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I have a problem about open or closed sets

Quick description

This page is designed to help if you have a problem concerning open and/or closed sets, particularly in \R^n. Clicking on answers to the questions below will lead to suggestions or further questions.

Prerequisites

Basic real analysis, the definitions of open and closed.

A piece of general advice

When thinking about open or closed sets, it is a good idea to bear in mind a few basic facts.

  • First, a subset X of \R^n (or any metric space, but this does not apply to all topological spaces) is closed if and only if whenever (x_n) is a sequence of elements of X that converges to a limit x, then that limit x belongs to X as well. In other words a set is closed (in the sense of having a complement that is open) if and only if it is closed under taking limits.

  • Second, if \R^n\rightarrow\R^m, then f is continuous if and only if f^{-1}(U) is an open subset of \R^n whenever U is an open subset of \R^m. (Again, this holds for arbitrary metric spaces. It also holds for topological spaces, but then it is the definition of continuity.)

  • Third, a closed bounded subset of \R^n is compact (but a closed bounded subset of an arbitrary metric space does not have to be compact).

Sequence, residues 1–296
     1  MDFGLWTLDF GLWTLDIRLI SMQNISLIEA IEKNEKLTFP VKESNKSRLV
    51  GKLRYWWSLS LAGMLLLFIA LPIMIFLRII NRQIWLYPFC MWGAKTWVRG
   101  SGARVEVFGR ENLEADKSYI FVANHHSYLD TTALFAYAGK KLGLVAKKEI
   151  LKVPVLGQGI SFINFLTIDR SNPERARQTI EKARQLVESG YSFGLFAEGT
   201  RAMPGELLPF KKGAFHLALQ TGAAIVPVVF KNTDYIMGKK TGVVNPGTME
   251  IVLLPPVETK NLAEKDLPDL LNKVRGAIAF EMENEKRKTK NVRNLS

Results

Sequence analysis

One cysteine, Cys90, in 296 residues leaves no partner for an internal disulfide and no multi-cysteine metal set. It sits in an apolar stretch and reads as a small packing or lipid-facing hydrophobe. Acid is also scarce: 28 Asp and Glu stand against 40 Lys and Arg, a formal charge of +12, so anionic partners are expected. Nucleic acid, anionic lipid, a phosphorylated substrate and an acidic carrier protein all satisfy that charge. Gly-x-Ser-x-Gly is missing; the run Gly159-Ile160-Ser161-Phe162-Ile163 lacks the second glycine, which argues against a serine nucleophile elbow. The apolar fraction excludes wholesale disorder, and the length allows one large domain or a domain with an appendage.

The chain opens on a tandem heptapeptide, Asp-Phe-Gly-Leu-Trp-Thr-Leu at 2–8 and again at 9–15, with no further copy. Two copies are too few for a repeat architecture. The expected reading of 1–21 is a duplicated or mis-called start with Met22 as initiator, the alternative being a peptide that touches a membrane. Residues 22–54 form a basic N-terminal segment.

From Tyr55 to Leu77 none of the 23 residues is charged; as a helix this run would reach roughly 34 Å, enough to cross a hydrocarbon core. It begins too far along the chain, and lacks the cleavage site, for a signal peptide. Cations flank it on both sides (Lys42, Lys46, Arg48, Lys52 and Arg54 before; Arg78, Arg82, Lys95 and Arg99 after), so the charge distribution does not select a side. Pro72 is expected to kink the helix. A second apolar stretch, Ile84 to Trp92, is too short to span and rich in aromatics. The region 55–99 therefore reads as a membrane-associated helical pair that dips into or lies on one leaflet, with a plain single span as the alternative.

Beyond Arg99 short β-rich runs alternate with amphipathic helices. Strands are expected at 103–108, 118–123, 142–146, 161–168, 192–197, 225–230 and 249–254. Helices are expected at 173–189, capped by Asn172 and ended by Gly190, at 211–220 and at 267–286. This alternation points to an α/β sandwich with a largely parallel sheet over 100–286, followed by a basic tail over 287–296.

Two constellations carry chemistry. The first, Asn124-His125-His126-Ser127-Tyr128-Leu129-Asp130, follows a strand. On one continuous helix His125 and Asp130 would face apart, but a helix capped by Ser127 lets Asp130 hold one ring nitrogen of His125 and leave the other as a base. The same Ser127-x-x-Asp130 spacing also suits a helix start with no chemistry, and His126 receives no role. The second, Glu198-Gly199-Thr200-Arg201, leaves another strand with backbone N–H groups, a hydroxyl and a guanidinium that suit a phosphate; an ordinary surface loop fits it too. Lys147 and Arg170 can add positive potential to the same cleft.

• Fourth, a finite intersection of open sets is open and any union of open sets is open; and similarly a finite union of closed sets is closed and any intersection of closed sets is closed.

What is your problem?

Which of the following descriptions best fits your problem?

  • I am trying to construct an open or closed set with a certain property.
    • Sometimes you may be able to do this by defining your set X to be f^{-1}(Y), where Y is a set that you already know to be open or closed and f is a continuous function. But in more complicated problems you may well need to express your set as a union of infinitely many simpler open sets or an intersection of infinitely many simpler closed sets. See the article To construct exotic sets, use limiting arguments for further details.
  • I want to prove that an open or closed set has some other property.
    • It is hard to give general advice about this situation, except that you should be alert to the possibility that a closed set is compact, which it will be, for example, if it is a closed bounded subset of \R^n or a closed subset of a compact metric space. If that is the case, then you have lots of facts about compactness to draw on. See How to use compactness for more about this.